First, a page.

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  • Writer's pictureIlena Alvarez

Valentine's Day: A Survival Guide

Updated: Jul 11, 2023

Valentine's Day is a day loved or dreaded 'round the world and the reasons for these strong, antagonistic feelings are obvious. This post is for those who feel the latter emotion.


If you need a couple of reading recommendations to get you through this Day-Which-We-Will-Not-Mention, here they are:


This is at the top of my to-be-read pile. As soon as I read its description, I knew I had to read it and I know it was going to make me cry. Here is the publisher's description:


"In this exquisite story of family, food, grief, and endurance, Michelle Zauner proves herself far more than a dazzling singer, songwriter, and guitarist. With humor and heart, she tells of growing up one of the few Asian American kids at her school in Eugene, Oregon; of struggling with her mother's particular, high expectations of her; of a painful adolescence; of treasured months spent in her grandmother's tiny apartment in Seoul, where she and her mother would bond, late at night, over heaping plates of food.


As she grew up, moving to the East Coast for college, finding work in the restaurant industry, and performing gigs with her fledgling band--and meeting the man who would become her husband--her Koreanness began to feel ever more distant, even as she found the life she wanted to live. It was her mother's diagnosis of terminal cancer when Michelle was twenty-five, that forced a reckoning with her identity and brought her to reclaim the gifts of taste, language, and history her mother had given her.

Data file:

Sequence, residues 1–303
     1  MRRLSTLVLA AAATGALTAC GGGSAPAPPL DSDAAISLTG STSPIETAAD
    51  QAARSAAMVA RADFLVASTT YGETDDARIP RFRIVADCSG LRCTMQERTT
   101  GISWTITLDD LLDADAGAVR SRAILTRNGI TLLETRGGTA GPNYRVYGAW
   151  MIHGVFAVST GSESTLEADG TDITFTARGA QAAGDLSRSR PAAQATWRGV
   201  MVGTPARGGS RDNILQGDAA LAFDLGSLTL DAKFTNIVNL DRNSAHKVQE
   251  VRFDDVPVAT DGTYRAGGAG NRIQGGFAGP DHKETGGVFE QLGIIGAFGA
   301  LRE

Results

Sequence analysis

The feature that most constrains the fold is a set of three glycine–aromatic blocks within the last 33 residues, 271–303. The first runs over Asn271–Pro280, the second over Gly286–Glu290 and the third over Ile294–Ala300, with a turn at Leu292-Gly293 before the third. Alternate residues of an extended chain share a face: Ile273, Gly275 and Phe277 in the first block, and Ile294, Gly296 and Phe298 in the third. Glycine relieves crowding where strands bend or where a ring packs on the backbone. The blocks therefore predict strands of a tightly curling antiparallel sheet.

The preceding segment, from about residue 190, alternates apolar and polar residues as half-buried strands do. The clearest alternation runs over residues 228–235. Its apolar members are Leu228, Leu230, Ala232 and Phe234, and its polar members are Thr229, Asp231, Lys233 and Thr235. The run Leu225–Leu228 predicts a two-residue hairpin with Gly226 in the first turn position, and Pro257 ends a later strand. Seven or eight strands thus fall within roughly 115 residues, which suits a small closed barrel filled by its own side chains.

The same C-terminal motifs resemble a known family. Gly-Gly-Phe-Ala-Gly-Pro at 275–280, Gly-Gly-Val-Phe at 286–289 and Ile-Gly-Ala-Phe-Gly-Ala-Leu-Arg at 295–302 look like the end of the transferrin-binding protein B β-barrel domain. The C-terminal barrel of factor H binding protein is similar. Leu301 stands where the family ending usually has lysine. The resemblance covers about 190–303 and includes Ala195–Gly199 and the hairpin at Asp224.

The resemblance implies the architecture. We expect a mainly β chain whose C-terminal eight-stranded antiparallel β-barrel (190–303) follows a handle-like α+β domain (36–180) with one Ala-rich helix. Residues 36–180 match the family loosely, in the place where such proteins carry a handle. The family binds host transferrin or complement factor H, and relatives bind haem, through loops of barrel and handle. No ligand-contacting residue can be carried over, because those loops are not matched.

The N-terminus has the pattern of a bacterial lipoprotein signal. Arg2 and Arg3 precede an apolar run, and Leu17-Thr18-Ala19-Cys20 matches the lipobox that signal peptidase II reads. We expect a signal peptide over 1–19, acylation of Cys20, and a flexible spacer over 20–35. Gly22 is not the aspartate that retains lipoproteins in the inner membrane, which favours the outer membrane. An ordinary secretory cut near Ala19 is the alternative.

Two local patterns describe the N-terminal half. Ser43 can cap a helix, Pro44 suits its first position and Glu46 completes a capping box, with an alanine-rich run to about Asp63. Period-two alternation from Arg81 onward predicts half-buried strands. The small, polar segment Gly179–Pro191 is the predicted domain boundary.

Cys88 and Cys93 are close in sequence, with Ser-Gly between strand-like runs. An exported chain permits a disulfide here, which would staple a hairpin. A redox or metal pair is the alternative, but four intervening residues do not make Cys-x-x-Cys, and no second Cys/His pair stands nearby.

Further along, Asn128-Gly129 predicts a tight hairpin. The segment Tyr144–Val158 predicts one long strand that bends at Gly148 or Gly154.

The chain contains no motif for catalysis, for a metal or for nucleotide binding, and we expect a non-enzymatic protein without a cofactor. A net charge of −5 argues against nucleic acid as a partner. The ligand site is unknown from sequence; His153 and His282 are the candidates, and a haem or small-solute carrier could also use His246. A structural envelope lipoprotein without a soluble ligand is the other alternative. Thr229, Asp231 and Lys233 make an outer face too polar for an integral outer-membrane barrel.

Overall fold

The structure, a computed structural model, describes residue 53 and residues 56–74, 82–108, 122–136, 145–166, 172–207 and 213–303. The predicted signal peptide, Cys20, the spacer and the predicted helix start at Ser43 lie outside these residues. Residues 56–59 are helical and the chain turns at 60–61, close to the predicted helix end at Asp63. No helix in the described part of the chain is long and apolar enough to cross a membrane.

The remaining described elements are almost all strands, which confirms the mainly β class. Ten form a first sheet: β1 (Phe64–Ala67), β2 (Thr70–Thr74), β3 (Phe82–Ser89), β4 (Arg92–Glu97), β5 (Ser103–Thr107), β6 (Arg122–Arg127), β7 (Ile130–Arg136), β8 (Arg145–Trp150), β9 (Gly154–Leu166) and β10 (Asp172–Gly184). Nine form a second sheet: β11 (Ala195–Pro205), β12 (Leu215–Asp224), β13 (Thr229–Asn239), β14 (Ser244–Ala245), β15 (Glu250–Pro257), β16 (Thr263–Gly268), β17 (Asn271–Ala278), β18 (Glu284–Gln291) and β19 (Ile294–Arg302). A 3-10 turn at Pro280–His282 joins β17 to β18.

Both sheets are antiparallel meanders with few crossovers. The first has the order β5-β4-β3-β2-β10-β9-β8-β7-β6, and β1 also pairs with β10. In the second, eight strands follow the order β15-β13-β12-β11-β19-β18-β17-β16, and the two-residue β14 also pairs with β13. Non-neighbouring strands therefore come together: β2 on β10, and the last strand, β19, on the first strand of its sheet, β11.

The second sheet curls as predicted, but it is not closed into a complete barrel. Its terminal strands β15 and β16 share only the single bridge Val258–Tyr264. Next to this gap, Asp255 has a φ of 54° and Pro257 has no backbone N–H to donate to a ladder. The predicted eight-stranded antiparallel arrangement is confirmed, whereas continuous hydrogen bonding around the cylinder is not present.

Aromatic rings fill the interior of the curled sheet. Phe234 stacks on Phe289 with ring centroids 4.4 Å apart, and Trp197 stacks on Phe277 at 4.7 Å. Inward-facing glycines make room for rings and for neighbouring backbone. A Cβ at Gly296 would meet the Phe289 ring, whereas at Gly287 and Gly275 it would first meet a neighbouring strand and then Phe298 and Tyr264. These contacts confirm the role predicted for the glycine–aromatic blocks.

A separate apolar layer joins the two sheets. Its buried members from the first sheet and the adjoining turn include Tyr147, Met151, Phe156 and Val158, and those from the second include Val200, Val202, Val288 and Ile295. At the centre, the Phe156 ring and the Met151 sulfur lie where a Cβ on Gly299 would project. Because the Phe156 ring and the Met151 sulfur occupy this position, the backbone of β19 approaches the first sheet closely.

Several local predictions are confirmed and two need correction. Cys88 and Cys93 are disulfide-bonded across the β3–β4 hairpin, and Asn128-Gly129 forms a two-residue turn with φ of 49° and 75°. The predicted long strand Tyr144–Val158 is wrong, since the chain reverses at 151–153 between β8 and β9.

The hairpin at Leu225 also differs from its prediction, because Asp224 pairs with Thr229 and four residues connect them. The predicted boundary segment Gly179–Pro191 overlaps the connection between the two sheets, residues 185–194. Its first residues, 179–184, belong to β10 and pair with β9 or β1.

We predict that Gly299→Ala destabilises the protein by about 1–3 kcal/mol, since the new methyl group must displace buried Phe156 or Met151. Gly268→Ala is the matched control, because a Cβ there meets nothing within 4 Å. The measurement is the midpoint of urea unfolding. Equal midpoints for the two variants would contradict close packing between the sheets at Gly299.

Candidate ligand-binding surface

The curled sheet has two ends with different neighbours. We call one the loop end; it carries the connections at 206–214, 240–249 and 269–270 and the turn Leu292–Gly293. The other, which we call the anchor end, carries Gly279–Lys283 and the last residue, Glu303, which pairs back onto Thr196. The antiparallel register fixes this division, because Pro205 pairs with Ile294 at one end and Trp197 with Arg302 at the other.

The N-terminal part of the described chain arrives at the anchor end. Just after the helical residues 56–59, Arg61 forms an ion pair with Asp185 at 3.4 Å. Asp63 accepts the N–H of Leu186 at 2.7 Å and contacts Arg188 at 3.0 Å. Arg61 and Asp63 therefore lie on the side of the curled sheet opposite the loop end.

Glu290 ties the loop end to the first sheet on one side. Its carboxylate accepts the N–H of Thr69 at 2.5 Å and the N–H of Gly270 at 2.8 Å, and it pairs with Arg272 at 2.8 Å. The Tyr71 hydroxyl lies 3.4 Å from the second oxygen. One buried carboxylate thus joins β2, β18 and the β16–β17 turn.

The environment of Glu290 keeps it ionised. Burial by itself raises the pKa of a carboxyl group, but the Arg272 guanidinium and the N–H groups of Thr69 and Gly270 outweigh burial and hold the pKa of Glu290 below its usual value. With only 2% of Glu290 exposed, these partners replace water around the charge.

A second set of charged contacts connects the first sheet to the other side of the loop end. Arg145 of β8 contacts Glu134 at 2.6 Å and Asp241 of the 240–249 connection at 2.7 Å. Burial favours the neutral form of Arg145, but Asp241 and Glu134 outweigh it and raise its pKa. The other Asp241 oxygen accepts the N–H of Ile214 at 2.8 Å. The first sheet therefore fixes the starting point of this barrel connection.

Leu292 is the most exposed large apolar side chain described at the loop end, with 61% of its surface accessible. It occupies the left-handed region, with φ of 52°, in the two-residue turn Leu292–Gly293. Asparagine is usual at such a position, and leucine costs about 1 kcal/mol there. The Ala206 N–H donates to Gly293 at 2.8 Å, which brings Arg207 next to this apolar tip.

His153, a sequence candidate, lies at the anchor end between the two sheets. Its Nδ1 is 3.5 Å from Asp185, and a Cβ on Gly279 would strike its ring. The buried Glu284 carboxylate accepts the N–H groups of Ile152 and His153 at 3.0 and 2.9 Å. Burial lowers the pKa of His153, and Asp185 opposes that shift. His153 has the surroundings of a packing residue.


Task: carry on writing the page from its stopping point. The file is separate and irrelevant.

Vivacious and plainspoken, lyrical and honest, Zauner's voice is as radiantly alive on the page as it is onstage. Rich with intimate anecdotes that will resonate widely, and complete with family photos, Crying in H Mart is a book to cherish, share, and reread."




The publisher's synopsis for Notes on an Execution (Please note this is the UK cover):


Ansel Packer is scheduled to die in twelve hours.


He knows what he's done, and now awaits the same fate he forced on those girls, years ago. Ansel doesn't want to die; he wants to be celebrated, understood.


But this is not his story.


As the clock ticks down, three women uncover the history of a tragedy and the long shadow it casts. Lavender, Ansel's mother, is a seventeen-year-old girl pushed to desperation. Hazel, twin sister to his wife, is forced to watch helplessly as the relationship threatens to devour them all. And Saffy, the detective hot on his trail, is devoted to bringing bad men to justice but struggling to see her own life clearly.


This is the story of the women left behind.


Blending breathtaking suspense with astonishing empathy, Notes On An Execution presents a chilling portrait of womanhood as it unravels the familiar narrative of the American serial killer, interrogating our cultural obsession with crime stories, and asking readers to consider the false promise of looking for meaning in the minds of violent men.



(Please note this is the UK title.)


Mrs. Death has had enough. She is exhausted by her job and now seeks someone to unburden her conscience to.


She meets Wolf, a troubled young writer, who - enthralled by her stories - begins to write Mrs. Death's memoirs. As the two reflect on the losses they have experienced (or facilitated), their friendship flourishes. All the while, despite her world-weariness, Death must continue to hold humans' fates in her hands, appearing in our lives when we least expect her . . .





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